A century of war art that began with Muirhead Bone
Muirhead Bone was born in Partick, Glasgow, in 1876. He was the UK's first official war artist and became a household name - yet today he is largely forgotten. BBC Scotland's Social Affairs Correspondent, Reevel Alderson, reports on the work of Bone, who was first called up 100 years ago.
Muirhead Bone was a successful and well-known artist by the time World War One began.
His early training as an architect showed through in his detailed and complex drawings and drypoint works of buildings under construction.
A plate he produced in 1915 of Picadilly Circus under wartime conditions - with soldiers on horseback and searchlights raking the sky - caught the attention of Queen Mary.
As British losses in the war mounted, the new Conscription Act meant Bone, already 40, would be called up for active service.
But the government's propaganda department, Wellington House, had other ideas and recruited Bone on 12 July 1916 to the rank of Second Lieutenant.
He was tasked with producing artwork which would help justify the war effort both at home and in neutral countries, particularly the United States.
It was not an easy task. He was prevented by censors from portraying dead bodies or casualties - and he was frequently sketching under fire.
A gunnery officer who accompanied him recalled: "It was heroic of him to bring out his sketch book and make rapid notes of the scene around him.
"Once when a shell burst near him his pencil went clean through his paper, but he carried on while our men were taking cover under bits of wall, and wounded were being carried off."
According to Dr Patricia Andrew, who wrote a history of Scottish war artists in the 20th Century called A Chasm in Time, there was another problem for Bone.
"It was always a sea of mud, shattered trees, shattered buildings, and it all looked rather the same," she said.
"If you look at his pictures of the Western Front, they're not the best examples of his work.
"He's struggling to make some sort of individuality in pictures that are just mud, trees that are shattered, houses that are shattered, the odd chateau that is shattered. It's a bit samey."
But the public eagerly bought Bone's pictures when they were published in monthly instalments under the title: "The Western Front: Drawings by Muirhead Bone."
Sold for two shillings each, 30,000 copies of the 10-part series were printed, with 6,000 being distributed in America. The money raised went to the war effort.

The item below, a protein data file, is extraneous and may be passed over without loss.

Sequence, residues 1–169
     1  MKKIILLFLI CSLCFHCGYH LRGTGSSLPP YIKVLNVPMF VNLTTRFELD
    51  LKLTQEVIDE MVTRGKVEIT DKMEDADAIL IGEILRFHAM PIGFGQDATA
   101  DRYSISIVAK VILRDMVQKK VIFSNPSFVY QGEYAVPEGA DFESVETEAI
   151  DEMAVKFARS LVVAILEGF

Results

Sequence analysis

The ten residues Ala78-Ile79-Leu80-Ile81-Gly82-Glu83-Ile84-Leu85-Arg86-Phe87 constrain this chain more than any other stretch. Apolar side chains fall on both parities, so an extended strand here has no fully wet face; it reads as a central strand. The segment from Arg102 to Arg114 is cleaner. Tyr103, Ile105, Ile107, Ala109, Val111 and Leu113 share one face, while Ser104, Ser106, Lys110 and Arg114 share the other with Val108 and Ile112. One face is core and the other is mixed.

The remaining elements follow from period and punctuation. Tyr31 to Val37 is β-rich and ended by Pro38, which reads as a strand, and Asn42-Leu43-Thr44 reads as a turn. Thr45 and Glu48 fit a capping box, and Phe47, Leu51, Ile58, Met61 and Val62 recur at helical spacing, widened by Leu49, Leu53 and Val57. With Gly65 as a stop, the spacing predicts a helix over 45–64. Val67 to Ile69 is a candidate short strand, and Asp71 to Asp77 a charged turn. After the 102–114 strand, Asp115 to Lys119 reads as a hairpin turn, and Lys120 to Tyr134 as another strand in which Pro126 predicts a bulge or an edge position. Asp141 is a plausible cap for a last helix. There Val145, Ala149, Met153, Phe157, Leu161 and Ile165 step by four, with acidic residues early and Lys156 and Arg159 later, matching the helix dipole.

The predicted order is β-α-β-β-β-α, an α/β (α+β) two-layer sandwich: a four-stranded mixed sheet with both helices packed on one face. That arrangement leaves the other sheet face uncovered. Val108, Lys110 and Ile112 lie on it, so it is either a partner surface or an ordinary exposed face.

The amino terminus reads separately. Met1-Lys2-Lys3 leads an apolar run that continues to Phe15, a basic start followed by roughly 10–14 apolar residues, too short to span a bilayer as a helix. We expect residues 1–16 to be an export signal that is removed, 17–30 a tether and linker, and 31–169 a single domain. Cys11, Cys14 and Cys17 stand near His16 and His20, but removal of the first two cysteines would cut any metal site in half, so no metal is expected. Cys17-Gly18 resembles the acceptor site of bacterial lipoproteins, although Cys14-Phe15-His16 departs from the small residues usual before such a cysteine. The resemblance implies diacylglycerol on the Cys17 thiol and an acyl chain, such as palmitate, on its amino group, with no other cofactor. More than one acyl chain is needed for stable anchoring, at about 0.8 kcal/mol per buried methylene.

Their propaganda value was immediately recognised, with Bone given permission to include a charcoal drawing of the Army's latest technology deployed in the Somme - the tank.
By 1917, Bone had returned to Britain where he was deployed recording the huge industrial efforts - particularly in the Clydeside shipyards - being undertaken to win the war.
He also pictured munitions factories in the Midlands, steelworks on Teeside and the Royal Navy in the Firth of Forth.
Dr Peter Trowles of Glasgow School of Art curated the last significant exhibition of Bone's work in 1987.
He said the artist's techniques were the victims of fashion.
"He's certainly a very skilled artist and at the time of the First World War, he was certainly up there as being one of the most significant artists coming out of the UK at that time."
He added: "He very much led the way. By the end of the First World War there were a number of other war artists employed to do similar work.
"What Bone was doing was very much ground-breaking. He himself learned a lot from his experiences in 1916 and 1917.
"Equally the War Office learned a lot themselves from the initial idea of sending a war artist into a war zone.
"It was the first time it had been done on a formal basis and I think you could argue Bone's experience and his relationship with the War Office at the time very much shaped how artists have been used to depict conflict zones in subsequent years."
Bone, who was knighted in 1937, was called up again, aged 64, to serve in World War Two, but his works were of a far grander and more finished scale.
When he retired in 1943 his commission was taken up by his son, Stephen. Bone died in 1953, aged 77.